Feeding the nation is a massive responsibility, and the next generation of South African farmers are taking on the task no matter the challenges.
South Africa (18 March 2021) – ‘For the love of the land’, a new show saluting the unsung heroes of South African agriculture, debut on People’s Weather (DStv channel 180 and Openview channel 115) on Monday, 15 March 2021. The show will flight on both the subscription as well as a free-to-air channel, another first for the show.
According to the producers, it offers a raw, real, and cutting-edge agricultural perspective for the viewer – a first for local television. For the love of the land is a ten-part series about the journeys of Mzansi’s new era farmers, mostly black, who continue to farm against all odds.
The show is hosted by award-winning presenter Ivor Price and Piet Potgieter, a Kwa-Zulu Natal-born farmer who trades a life of extensive cattle farming for one in front of the cameras. The first episode features the 73-year-old Samson Mahlaba, who worked as a labourer for 50 years before transitioning to a commercial farmer five years ago.
“Often their lives aren’t pretty. Their farms are not glamorous. Their journeys are painful, and yet these up-and-coming and newly commercialised farmers are going above and beyond to feed the nation,” says Price.
Like many of the farmers featured on For the love of the land, Mahlaba always wondered whether, one day, the nation and the agricultural sector would value his contribution as a black agriculturist.
“I always dreamed of becoming a farmer because I loved the farm,” says Mahlaba, who farms with his two grandsons. “The farming bug bit and I was hooked, still am, and I remain passionate about the farm.”
The show highlights the exceptional relationships between new era farmers and their mentors, who are often retired white men now devoting their lives to the upliftment of others.
Potgieter himself has been actively involved in the upliftment of black farmers since 1986, when his family was involved with the 1986 Ngotshe Cooperation Agreement in Kwa-Zulu Natal. In an earlier research article published by Gerhard Maré and Georgina Hamilton in the Journal of Natal and Zulu History, the accord is described as “a pact between rugged Afrikaner farmers, conservative to the bone, and skin-clad Zulu men.”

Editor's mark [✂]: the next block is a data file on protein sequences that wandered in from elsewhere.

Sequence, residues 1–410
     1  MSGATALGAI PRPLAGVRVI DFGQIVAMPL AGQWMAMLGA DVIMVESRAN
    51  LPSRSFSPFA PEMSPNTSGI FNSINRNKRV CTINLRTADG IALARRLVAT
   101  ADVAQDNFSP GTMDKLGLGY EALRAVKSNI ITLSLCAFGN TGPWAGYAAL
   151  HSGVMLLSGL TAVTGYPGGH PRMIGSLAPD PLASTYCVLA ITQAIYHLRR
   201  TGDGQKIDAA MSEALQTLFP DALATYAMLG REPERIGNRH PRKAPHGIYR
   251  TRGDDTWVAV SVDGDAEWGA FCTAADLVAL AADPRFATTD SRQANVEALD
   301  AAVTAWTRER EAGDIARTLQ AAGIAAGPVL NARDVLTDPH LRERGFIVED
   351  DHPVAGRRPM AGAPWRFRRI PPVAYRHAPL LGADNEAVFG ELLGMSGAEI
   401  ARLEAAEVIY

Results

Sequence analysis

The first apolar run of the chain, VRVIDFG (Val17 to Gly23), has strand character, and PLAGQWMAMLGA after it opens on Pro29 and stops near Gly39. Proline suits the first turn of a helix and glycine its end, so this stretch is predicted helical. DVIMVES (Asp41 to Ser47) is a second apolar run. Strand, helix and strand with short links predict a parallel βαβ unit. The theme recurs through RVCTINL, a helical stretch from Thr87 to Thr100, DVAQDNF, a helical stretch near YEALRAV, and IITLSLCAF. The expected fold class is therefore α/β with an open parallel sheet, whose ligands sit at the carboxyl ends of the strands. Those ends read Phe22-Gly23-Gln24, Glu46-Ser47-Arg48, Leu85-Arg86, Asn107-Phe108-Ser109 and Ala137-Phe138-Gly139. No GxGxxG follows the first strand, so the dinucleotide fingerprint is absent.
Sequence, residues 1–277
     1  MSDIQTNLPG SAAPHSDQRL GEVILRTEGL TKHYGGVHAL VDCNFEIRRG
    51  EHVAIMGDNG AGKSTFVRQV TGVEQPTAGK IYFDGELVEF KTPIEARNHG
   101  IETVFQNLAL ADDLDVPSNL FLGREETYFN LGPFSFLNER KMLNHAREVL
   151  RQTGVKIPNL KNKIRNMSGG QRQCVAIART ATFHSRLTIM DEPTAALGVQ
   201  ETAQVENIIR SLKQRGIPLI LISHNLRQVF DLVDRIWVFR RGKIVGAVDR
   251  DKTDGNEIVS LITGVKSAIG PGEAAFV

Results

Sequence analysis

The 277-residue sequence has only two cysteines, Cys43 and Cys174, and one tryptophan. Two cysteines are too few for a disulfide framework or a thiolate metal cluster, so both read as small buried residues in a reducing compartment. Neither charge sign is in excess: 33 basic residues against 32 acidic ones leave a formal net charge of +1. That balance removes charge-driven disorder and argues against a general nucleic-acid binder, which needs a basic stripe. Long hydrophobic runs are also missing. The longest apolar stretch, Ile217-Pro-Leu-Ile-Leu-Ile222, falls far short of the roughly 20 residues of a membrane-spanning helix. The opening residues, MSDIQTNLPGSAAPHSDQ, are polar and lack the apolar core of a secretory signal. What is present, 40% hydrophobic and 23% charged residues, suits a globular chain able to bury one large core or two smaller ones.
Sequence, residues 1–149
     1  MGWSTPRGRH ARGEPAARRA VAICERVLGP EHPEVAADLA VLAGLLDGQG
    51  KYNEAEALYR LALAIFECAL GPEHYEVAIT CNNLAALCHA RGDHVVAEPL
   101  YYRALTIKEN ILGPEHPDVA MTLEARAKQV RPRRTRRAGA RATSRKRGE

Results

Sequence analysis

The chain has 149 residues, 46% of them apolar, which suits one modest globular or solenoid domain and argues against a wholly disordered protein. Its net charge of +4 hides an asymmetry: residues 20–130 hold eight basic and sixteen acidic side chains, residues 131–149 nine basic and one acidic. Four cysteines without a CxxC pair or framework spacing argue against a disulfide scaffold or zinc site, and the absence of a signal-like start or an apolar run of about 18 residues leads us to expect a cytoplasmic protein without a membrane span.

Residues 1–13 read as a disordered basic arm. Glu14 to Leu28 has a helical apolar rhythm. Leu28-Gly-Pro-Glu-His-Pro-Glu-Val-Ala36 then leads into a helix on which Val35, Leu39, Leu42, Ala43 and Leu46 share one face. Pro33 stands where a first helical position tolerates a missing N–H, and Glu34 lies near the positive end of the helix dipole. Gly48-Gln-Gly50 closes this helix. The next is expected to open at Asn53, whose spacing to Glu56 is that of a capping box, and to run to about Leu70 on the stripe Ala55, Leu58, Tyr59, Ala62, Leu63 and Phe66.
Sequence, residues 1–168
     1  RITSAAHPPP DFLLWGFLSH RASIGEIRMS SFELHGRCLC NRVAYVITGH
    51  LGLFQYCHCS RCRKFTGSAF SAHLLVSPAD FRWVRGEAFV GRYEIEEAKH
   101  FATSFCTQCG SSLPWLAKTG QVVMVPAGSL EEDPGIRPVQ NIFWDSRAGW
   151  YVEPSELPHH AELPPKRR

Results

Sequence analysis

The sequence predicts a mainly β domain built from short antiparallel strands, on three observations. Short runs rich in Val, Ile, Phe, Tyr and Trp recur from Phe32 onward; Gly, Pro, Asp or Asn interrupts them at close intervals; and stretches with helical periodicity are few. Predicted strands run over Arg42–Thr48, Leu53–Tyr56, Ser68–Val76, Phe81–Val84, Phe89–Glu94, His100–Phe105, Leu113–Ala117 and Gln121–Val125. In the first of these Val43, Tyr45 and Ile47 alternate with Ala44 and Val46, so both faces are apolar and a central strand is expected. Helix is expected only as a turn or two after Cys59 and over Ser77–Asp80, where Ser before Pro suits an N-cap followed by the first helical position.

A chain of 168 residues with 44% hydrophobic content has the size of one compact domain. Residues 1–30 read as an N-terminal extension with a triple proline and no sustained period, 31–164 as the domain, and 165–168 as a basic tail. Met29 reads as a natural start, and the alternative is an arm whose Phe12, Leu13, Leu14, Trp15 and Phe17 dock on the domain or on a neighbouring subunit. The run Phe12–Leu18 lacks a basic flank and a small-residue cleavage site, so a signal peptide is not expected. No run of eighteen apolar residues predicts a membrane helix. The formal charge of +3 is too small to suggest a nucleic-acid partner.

“Doing development work in South African agriculture is like working for the welfare where you put in a lot, but don’t easily see success. But, for me, it is enough to know that I am doing the right thing by advancing farmers who have not had it easy in this country,” says Potgieter.
Food For Mzansi co-founder Kobus Louwrens, who produces the show in partnership with VKB, says, “We find and tell the stories of ordinary South Africans working together for a better future. The people in these stories choose to emphasise what they have in common rather than what divides them. They do so for the sake of their own prosperity and that of their communities. I find that enormously exciting because it shows nation-building and personal growth in action, all for the love of the land.”
As mentioned above, the show will air on DStv channel 180 and Openview channel 115. It will contain full English subtitles too!